Peter's sermon points to the truth that identity gives birth to purpose and receiving mercy is in and of itself a call to be merciful. In this list of names (chosen race, royal priesthood, holy nation, God's own people) that build on and explain one another, Peter inextricably weds identity with ministry. He links the indicative with the imperative to the point that they are virtually indistinguishable from one another. He takes these two things out of a linear if/then construction and tacitly asks his readers the rhetorical question: how can you be anyone else but who you are? He in essence repeats Jesus' question in Mark 4:21, "Is a lamp brought in to be put under the bushel basket, or under the bed, and not on the lampstand?" Then finally in an allusion to a poignant story of God's mercy in the life of the prophet Hosea (2:21-23), Peter in effect invites his audience to both rest in and become dispensers of God's mercy. You are chosen, you have been called out of darkness, you have received mercy, how can you not also be about the work of giving witness to the mighty acts of this One who has ushered you into a brand new life?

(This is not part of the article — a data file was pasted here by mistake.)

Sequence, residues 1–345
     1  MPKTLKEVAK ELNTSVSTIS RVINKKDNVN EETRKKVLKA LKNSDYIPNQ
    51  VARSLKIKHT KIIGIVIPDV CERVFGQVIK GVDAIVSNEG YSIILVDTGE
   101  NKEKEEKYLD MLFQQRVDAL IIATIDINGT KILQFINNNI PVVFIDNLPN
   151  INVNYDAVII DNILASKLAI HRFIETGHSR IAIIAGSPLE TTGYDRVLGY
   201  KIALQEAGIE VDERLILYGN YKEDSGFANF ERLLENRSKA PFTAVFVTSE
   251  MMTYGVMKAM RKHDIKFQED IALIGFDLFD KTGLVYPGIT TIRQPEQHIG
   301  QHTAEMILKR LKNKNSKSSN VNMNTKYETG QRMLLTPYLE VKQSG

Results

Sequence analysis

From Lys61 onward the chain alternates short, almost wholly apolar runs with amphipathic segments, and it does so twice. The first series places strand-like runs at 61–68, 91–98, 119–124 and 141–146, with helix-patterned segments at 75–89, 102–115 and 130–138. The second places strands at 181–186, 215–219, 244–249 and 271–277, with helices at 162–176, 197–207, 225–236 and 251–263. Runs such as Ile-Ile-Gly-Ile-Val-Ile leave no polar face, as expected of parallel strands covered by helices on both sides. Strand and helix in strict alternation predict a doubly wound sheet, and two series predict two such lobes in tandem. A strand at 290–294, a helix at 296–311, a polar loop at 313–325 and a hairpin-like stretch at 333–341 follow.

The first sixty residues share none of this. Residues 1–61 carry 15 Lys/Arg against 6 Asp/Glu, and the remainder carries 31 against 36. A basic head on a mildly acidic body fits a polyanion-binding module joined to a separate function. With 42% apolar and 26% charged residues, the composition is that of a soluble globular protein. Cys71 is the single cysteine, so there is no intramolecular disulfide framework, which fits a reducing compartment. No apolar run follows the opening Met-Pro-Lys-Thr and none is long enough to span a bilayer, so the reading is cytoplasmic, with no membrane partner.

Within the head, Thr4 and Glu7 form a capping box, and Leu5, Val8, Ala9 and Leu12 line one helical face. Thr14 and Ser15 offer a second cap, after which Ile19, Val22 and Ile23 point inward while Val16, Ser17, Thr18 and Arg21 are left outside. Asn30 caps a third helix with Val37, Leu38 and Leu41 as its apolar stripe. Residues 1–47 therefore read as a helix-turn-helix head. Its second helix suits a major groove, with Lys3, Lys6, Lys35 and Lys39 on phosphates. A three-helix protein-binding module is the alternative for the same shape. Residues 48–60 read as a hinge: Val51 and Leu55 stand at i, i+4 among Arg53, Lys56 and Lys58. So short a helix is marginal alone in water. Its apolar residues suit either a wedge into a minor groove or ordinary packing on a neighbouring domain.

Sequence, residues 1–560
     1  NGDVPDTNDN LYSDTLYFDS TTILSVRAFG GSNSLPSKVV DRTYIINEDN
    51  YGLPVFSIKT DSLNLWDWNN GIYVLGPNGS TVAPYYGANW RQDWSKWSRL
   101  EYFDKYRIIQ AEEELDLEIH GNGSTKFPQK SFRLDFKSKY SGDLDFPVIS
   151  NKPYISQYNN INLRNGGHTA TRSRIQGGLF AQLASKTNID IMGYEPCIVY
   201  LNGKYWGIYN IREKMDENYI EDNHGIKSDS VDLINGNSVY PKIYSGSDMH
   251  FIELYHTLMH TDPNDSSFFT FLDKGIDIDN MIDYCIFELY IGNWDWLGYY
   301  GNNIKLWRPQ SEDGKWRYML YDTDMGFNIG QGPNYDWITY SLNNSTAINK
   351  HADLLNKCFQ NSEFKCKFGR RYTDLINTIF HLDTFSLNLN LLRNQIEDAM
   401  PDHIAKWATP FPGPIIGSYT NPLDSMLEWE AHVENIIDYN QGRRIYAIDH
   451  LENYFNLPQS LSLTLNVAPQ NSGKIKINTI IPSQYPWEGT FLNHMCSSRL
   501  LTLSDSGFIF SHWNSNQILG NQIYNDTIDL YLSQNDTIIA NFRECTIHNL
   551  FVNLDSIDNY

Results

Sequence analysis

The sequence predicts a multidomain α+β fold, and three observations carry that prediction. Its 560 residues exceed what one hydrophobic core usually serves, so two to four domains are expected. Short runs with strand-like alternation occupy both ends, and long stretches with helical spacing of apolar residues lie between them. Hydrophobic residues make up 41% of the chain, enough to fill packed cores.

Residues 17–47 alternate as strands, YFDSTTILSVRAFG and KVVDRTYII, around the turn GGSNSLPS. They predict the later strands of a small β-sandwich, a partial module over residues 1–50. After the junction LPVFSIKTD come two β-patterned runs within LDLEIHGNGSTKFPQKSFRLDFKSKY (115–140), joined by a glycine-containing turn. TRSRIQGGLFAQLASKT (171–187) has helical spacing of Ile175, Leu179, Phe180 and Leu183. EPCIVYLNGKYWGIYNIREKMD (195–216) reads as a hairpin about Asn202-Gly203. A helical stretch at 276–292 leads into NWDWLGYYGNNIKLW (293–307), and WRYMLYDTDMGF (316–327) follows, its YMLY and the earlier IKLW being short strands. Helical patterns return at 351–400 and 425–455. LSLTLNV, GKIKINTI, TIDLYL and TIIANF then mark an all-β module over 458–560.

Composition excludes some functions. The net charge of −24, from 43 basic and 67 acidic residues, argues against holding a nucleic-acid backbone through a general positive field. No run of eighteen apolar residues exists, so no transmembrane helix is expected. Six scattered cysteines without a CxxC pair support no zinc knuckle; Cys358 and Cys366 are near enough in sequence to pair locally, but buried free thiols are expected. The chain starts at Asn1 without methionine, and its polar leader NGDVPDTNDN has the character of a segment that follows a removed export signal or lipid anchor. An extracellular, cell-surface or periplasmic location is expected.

Thus the followers of Jesus, the living stones who comprise the spiritual house, are told by the Apostle to simply be who they are. His encouragement and admonition is clear: In the face of cultural misrepresentation and marginalization, claim and rest in your identity in Christ. Identify with this one who is the Living Stone and let him build you into a new community which gives witness to him even as you live in the midst of others who reject him. It may be that you, like the lamenters who hung up their harps on the trees by the waters of Babylon, feel you have a song to sing but no place to sing it. But sing it nevertheless. For you have been called out of obscurity and into relationship. You have been called out of darkness and into God's light.